Toronto Remembers the Home Front, 1939-1945, page 2
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For many in a country at war, both Remembrance Day and worship services took on new meaning.
Metals, paper, rags, bones (to make glycerine for explosives), and other waste were collected to be recycled for the war effort.
Faced with dramatically reduced consumer spending, advertisers made their products seem relevant to the war by demonstrating their own contribution to the war effort, encouraging patriotism in shoppers, or simply using armed forces and war worker references in their ads.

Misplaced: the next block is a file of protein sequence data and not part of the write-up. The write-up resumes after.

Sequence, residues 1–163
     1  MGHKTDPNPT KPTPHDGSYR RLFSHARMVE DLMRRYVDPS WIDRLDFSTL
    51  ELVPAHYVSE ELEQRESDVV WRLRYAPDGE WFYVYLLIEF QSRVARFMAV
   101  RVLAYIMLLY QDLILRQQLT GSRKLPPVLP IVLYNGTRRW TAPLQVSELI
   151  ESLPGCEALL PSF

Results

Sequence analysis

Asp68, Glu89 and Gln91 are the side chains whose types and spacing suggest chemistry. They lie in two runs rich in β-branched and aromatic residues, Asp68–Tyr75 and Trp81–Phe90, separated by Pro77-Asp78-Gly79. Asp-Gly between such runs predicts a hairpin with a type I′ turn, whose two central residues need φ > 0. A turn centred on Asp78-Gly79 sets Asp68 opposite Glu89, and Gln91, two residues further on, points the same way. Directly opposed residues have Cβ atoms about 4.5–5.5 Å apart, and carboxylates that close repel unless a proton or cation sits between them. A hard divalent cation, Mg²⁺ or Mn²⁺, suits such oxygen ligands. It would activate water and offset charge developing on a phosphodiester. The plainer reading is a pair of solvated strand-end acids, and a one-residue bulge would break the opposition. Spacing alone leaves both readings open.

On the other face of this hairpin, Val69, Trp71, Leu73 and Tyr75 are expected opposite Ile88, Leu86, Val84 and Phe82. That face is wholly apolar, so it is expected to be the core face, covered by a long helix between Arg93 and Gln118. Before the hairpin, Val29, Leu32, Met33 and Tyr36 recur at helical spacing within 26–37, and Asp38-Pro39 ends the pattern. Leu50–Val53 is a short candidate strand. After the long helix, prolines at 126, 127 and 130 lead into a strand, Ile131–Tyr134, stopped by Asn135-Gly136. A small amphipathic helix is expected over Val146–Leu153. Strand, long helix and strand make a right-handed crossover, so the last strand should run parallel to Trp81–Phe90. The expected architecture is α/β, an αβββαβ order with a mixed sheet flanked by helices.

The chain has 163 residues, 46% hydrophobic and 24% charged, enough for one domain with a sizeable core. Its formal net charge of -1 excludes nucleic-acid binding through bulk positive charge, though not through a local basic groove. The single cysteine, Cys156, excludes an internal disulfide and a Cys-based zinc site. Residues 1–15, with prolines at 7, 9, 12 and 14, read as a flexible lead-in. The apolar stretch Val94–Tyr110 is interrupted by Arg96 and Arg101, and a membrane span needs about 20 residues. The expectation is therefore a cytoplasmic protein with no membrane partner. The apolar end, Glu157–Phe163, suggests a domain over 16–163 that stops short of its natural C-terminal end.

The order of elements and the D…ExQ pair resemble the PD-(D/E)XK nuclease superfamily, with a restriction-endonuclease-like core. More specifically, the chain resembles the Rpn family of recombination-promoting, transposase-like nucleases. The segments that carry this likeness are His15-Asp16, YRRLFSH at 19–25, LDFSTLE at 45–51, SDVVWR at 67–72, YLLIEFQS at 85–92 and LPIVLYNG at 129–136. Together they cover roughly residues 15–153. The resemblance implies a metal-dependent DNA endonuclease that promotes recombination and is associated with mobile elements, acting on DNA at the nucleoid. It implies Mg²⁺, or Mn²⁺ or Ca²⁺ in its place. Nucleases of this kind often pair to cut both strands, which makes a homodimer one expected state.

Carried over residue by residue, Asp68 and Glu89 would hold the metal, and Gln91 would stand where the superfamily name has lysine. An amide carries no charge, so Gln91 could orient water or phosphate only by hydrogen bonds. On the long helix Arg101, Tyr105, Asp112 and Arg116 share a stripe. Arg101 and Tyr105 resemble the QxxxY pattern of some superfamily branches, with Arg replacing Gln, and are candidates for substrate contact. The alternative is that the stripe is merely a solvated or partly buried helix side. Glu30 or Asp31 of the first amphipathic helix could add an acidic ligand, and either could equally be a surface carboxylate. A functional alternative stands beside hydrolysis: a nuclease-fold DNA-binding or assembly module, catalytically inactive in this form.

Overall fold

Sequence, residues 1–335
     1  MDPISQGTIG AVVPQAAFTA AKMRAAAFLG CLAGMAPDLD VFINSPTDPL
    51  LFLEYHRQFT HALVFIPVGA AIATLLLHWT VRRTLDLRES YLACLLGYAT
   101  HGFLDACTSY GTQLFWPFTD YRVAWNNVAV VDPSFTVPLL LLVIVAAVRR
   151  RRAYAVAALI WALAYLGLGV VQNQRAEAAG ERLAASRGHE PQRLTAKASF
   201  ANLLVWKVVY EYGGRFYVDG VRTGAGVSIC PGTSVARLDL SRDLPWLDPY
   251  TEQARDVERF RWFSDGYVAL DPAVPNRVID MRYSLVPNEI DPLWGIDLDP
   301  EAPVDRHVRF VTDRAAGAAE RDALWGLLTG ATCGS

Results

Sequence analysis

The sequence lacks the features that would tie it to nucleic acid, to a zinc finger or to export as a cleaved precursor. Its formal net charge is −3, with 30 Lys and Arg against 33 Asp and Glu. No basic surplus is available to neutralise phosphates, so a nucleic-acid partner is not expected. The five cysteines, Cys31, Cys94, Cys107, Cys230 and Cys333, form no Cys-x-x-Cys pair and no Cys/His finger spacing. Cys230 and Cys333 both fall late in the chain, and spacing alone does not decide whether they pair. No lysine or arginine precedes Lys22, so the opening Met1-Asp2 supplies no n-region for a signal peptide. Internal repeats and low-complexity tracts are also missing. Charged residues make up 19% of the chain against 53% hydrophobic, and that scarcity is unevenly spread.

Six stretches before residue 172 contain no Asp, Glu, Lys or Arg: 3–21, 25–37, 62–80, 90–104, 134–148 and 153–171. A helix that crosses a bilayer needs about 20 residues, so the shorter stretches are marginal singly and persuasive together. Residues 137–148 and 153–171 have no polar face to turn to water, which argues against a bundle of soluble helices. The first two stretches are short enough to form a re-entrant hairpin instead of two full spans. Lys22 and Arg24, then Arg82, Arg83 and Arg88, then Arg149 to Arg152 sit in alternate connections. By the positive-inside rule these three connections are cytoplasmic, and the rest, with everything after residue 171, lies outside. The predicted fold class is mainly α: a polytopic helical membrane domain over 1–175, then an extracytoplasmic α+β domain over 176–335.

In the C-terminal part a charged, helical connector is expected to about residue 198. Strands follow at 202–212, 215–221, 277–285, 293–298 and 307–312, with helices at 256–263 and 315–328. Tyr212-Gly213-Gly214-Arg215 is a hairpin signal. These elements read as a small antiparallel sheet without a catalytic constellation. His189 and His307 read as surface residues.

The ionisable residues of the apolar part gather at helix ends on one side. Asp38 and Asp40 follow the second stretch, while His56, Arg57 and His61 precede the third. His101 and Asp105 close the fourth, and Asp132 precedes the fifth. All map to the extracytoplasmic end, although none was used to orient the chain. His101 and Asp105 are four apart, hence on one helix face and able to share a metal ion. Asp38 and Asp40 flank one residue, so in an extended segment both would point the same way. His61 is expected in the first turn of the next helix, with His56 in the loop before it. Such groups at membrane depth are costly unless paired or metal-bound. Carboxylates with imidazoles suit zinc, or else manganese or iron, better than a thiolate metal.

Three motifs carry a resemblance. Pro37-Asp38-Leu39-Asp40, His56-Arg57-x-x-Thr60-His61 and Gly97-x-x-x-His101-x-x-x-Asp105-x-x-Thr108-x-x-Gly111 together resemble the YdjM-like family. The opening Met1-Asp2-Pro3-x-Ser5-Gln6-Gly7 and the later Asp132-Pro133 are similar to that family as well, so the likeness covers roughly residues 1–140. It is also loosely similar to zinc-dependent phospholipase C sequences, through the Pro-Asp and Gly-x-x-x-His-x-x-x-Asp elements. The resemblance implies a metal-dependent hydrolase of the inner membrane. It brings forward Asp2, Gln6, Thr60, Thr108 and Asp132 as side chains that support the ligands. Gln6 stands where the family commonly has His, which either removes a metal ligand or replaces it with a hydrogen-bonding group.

Everywhere they turned, citizens were reminded that there was a war on, and that their efforts or their errors made an important difference.
With so many women being encouraged to work in munitions factories, day care briefly became seen as a societal rather than individual problem.